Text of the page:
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Motorik is a term coined by music journalists to describe the 4/4 beat often used by "Krautrock" bands such as Can, Neu! and Kraftwerk (when promoting the official album release of Neu!'s back-catalogue, Klaus Dinger stated he called it the "Apache-beat").[1] The word "Motorik" means "motor skill" in German, although the word's use in music journalism may be derived from a punning modification of "motoric", a term long used by music critics to describe relentless ostinato rhythm, or simply from a combination of "motor" and the German "Musik". The motorik beat was invented and first used by the band Neu! on their self-titled debut, and the band would subsequently use the beat heavily on many of their songs. When Neu! dissolved, Klaus Dinger would continue using the motorik beat in his new band, La Düsseldorf.

The name perhaps derives from the repetitive yet forward-flowing feel of the rhythm, which has been compared to the experience of driving on a motorway[2] – indeed, the motorik beat is in one section of Kraftwerk's "Autobahn", a song designed to celebrate exactly this experience. While The Velvet Underground's influence on Krautrock is often mentioned, Moe Tucker's drumming style has specifically been characterized as "proto-motorik."[3]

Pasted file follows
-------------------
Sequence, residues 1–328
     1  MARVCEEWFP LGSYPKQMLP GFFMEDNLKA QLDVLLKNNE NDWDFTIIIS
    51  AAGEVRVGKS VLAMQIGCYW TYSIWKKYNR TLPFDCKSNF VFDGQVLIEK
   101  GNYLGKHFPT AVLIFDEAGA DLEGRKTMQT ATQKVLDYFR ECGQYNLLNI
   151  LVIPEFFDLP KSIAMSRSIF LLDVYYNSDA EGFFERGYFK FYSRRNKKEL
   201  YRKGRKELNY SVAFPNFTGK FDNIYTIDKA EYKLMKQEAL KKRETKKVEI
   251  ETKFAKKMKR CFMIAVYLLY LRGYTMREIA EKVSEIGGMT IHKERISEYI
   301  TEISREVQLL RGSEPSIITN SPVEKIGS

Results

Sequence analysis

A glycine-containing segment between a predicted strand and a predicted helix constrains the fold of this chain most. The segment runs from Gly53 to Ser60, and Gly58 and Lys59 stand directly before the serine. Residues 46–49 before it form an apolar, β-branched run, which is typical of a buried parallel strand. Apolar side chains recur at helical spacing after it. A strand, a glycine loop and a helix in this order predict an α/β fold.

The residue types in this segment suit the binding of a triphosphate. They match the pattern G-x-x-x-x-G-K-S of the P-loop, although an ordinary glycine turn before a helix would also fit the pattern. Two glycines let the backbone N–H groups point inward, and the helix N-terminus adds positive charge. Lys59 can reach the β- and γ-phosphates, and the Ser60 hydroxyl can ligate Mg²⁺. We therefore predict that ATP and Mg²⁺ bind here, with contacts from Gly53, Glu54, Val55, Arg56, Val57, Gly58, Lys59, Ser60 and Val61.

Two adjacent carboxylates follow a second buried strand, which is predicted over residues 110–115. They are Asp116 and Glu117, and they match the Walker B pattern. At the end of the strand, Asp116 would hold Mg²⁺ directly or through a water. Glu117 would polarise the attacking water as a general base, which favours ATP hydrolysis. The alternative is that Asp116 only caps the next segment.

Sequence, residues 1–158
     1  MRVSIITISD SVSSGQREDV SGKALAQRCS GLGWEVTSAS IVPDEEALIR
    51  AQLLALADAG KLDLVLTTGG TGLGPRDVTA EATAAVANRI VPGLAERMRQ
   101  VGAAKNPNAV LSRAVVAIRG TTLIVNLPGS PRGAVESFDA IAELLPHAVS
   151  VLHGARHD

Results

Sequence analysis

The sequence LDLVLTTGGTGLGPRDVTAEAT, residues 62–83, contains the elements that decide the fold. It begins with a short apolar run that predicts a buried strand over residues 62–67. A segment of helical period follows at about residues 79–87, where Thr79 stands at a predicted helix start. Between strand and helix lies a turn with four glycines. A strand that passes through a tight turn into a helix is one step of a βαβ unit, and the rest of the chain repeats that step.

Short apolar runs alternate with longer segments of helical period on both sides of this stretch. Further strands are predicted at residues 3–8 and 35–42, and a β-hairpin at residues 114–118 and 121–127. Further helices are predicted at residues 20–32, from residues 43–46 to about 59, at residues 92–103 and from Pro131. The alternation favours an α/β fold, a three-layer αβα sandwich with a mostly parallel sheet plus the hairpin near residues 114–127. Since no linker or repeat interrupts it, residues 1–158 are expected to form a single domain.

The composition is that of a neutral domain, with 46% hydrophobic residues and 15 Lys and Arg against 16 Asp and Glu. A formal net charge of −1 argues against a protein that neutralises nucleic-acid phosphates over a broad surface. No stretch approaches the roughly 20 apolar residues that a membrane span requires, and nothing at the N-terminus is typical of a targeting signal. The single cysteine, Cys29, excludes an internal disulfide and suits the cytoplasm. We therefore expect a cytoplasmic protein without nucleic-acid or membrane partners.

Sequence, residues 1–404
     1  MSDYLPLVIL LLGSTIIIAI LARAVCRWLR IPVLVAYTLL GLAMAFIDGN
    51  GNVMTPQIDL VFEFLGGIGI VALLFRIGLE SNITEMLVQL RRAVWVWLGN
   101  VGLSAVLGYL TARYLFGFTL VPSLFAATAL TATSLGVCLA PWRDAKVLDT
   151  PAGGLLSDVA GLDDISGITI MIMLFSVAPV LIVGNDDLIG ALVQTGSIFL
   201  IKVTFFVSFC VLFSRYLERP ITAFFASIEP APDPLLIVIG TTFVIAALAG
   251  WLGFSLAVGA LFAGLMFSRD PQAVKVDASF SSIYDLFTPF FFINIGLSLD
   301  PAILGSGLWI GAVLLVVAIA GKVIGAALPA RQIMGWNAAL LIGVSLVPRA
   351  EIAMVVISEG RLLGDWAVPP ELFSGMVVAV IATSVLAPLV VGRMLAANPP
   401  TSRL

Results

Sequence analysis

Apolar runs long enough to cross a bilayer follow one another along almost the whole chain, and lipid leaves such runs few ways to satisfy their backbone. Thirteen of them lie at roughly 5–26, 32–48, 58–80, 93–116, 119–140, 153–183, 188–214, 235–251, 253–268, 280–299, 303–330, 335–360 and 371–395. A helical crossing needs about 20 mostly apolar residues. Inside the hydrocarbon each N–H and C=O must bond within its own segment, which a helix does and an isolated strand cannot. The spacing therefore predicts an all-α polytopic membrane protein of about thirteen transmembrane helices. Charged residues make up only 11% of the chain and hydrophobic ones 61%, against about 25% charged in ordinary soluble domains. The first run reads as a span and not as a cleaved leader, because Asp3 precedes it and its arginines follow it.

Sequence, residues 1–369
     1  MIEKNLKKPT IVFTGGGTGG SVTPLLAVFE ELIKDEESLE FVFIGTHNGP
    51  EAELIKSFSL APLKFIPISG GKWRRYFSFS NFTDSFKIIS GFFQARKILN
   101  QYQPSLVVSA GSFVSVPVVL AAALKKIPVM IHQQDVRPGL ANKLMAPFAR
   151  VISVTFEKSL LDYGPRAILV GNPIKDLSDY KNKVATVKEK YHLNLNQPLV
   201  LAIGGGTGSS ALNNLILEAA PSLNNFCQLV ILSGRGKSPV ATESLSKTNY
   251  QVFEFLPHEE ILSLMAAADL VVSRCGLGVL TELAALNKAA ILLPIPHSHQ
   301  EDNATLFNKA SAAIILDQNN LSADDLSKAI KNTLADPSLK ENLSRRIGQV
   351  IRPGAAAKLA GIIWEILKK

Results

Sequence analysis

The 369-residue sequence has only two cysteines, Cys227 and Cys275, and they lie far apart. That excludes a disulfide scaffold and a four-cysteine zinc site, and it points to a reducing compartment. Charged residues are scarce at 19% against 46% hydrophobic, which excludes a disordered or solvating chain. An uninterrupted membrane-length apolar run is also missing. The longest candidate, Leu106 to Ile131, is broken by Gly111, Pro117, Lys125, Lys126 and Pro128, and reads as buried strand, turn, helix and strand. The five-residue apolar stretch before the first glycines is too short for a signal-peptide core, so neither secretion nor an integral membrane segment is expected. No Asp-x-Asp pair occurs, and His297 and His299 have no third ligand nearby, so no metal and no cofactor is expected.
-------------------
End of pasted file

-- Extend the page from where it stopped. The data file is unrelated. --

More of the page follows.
Apart from the krautrock bands, the motorik has also been used by newer bands like Ultravox, Stereolab, Primal Scream, Radiohead, Sonic Youth and Fujiya & Miyagi[4]

The motorik beat is in 4/4 time and of moderate pace. The pattern is repeated each bar throughout the song. A splash or crash cymbal is often hit at the beginning bar of a verse or chorus.

The basic pattern is as follows:[4] About this sound Play 

Beat 1 + 2 + 3 + 4 +
Hi-hat x x x x x x x x
Snare x x
Kick x x x x x x


  1. ^ Klaus Dinger (2002). Interview with UK music magazine The Wire.
  2. ^ Allmusic: Neu! biography:
  3. ^ Chris Jones (21 June 2007). Review of "The Velvet Underground & Nico" for the BBC. Retrieved 20 October 2007.
  4. ^ a b Sick Mouthy blog: Top ten songs with the Motorik Beat: "Archived copy". Archived from the original on 2013-08-06. Retrieved 2013-08-10.